Published: March 19, 2017

Tibet Himalaya Initiative and CU Boulder Department of Geography are co-hosting Geographer Dinesh Paudel on Friday, March 24 at 3:30pm in Guggenheim 205. Dinesh Paudel is an Assistant Professor in the Sustainable Development Department at Appalachian State University. Before coming to Appalachian, he was a postdoctoral fellow in the Department of Geography at Dartmouth College where he taught courses on Environment and Development, Geographies of Protest and Revolution, and Gender and Development. He received his PhD in Geography from the University of Minnesota in 2012 where he studied the historical connections between international development programs and the rise of Maoist uprisings in Nepal. Broadly, he is interested in understanding how development discourses originate and travel, and how they articulate with economic, ecological and political processes at multiple scales. One of his current research projects focuses in exploring the inherent relationships and complex entanglements between the rising Asian economies, growing environmental degradations and rapidly expanding rebellious politics in South Asia.

Abstract of the talk:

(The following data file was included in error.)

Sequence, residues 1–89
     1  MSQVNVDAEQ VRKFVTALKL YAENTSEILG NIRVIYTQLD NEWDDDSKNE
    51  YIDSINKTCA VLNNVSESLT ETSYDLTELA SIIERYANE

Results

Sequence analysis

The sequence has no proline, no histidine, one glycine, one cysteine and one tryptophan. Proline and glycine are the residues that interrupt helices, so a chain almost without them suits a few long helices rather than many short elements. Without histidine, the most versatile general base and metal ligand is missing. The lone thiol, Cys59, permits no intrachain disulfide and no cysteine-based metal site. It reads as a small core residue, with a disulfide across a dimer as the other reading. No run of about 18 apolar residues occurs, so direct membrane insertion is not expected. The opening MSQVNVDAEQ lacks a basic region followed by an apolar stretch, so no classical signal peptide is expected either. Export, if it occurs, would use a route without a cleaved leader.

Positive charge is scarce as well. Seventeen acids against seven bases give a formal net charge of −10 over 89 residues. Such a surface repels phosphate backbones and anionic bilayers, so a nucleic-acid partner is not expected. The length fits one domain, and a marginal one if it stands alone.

Nepal’s 2015 earthquakes killed more than 9000 people, damaged more than half a million homes and destroyed nearly half of Nepal’s GDP. The earthquakes struck Nepal at a time when the country was experiencing two massive political transformations: 1) a decade long Maoist insurgency followed by the establishment of federalism and the Republic Nepal, and 2) neoliberalization of every aspect of Nepali society primarily implemented by the state, NGOs and geoeconomic forces. After the earthquakes, these forces of change have become exceptionally powerful, forcing Nepal to enter into a particular form of disaster capitalism. In this process, priority is given to the transformation and mobilization of subsistence agrarian economies toward commercial and financialized practices, institutionalizing schemes of accumulation without dispossession. These local changes are swift and encompassing, and the flow of foreign capital is unprecedented. However, the paper also shows that there are some signs of growing resistance in Nepal, where post-disaster changes are articulated politically by organic intellectuals and activists, and it may lead to the emergence of yet another wave of political movements in the future.